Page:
The Norval Foundation presents Alt and Omega: Jackson Hlungwani, a comprehensive retrospective the South African artist’s work from the 1960s to his death in 2010.
Jackson Hlungwani (1923 – 2010) was born into a XiTsonga-speaking family that prided itself as being part of a Shangaan warrior lineage. Growing up in rural Limpopo and northern Mpumalanga, he never attended school and, as a child, herded the family goats and sheep. When he was old enough his father taught him to carve, as his father had before him, transferring skills, familiar styles and underlying concepts common to the community.
During the 1940s, Hlungwani was ordained as a lay preacher in the African Zionist Church, which had links to the American-based Ethiopian Missionary Church.
Hlungwani’s defining moment of his life, and of his career as an artist, was in 1978 when he experiences a spiritual vision while in a deeply suicidal state. His vision was of Christ and two figures who appeared to him and made three promises.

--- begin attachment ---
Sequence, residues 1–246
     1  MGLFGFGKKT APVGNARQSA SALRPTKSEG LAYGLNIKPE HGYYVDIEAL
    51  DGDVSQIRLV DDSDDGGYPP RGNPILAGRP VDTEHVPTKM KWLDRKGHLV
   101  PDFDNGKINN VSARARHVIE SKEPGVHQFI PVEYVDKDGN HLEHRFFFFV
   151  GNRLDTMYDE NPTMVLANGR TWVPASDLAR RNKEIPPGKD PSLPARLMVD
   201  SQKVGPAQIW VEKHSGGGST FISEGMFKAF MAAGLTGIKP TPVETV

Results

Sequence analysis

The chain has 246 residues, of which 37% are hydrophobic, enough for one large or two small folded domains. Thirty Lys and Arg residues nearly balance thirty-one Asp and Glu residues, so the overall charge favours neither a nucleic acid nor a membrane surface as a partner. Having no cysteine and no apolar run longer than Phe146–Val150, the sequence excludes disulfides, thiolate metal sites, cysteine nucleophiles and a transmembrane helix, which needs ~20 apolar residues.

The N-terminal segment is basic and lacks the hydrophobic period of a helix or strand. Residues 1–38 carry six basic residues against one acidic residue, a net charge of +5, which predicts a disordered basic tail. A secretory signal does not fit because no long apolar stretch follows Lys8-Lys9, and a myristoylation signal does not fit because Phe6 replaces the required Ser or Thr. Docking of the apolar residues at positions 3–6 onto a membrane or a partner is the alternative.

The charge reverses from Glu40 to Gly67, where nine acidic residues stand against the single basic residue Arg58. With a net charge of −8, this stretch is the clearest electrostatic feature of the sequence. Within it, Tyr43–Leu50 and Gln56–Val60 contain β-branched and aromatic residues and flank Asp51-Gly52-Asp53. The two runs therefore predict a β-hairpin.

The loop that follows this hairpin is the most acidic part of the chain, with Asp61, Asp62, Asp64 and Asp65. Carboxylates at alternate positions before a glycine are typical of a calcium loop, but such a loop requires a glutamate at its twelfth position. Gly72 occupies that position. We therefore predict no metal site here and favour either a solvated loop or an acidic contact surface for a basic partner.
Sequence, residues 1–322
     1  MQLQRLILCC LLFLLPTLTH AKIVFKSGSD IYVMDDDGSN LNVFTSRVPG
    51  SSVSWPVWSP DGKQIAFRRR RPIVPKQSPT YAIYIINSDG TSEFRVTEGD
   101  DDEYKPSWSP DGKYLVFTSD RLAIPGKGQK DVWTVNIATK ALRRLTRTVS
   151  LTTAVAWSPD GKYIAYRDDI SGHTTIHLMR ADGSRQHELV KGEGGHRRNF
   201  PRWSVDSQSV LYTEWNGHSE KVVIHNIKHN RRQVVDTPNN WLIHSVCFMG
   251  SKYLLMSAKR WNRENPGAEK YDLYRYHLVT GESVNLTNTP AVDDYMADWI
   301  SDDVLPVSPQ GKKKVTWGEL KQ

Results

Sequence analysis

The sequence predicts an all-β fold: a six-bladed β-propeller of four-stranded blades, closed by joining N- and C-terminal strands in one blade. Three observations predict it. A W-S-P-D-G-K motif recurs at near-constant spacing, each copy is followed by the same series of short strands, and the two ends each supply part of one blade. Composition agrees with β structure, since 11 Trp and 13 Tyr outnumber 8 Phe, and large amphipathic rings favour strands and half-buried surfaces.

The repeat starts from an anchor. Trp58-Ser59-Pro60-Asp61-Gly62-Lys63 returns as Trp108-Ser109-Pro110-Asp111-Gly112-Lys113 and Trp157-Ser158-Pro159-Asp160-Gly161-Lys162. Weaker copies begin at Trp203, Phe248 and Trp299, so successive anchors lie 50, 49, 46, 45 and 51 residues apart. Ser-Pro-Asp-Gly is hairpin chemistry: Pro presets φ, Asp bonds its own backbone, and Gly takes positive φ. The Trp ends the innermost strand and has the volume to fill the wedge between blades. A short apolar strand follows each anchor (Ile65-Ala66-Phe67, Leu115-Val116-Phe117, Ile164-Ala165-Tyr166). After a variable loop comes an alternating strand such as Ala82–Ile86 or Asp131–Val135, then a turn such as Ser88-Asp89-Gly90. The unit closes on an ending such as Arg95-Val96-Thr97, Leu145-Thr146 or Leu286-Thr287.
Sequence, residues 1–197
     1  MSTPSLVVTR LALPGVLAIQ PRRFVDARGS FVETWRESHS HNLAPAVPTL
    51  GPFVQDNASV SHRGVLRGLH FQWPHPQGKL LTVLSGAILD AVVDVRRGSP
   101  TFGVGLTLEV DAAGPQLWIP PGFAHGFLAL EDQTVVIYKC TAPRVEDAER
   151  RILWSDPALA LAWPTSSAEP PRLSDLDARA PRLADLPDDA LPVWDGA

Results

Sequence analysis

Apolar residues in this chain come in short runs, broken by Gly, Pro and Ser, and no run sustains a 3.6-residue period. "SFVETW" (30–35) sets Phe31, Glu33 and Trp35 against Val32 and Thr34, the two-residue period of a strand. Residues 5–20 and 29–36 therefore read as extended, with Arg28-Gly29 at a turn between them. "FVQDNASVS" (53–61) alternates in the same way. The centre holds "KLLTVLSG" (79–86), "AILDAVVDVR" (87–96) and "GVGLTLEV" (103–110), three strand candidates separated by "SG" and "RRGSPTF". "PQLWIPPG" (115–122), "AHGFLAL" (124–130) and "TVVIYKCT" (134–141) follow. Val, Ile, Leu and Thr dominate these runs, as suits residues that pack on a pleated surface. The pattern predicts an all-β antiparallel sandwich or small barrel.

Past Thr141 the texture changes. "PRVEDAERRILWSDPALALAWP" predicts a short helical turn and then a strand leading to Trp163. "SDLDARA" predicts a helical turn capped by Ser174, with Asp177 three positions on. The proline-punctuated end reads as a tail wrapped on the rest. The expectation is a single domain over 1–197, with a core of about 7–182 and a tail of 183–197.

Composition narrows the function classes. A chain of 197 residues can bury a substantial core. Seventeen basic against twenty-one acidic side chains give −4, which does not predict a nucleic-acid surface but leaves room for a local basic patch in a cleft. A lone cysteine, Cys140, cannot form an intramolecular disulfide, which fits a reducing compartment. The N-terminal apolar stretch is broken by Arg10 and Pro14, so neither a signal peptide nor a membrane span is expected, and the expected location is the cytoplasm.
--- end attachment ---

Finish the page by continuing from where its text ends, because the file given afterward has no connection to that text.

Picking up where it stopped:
While Hlungwani was familiar with city life, having worked in Johannesburg, his creative life was situated far from an urban artistic hub.
He developed an artistic genre that was linked to his spiritual practices, creating an innovative visual language that integrated popular culture with the traditions of Tsonga-Shangaan wood carving, and biblical narratives with African spirituality.
Although he had completed some sculptures in the 1960s, Hlungwani’s artistic output and its complexity expanded radically during the 1980s, and so did his profile, both nationally and internationally.
Alt and Omega: Jackson Hlungwani received a commendation from international auction house, Sotheby’s, making Norval Foundation the first visual art institution in Africa, and one of five globally to be commended by Sotheby’s for curatorial excellence.
Venue: Norval Foundation, 4 Steenberg Rd, Tokai
Time: 2 Sep 2020 to 26 July 2021
Cost: R120 for one year access from the date of purchase.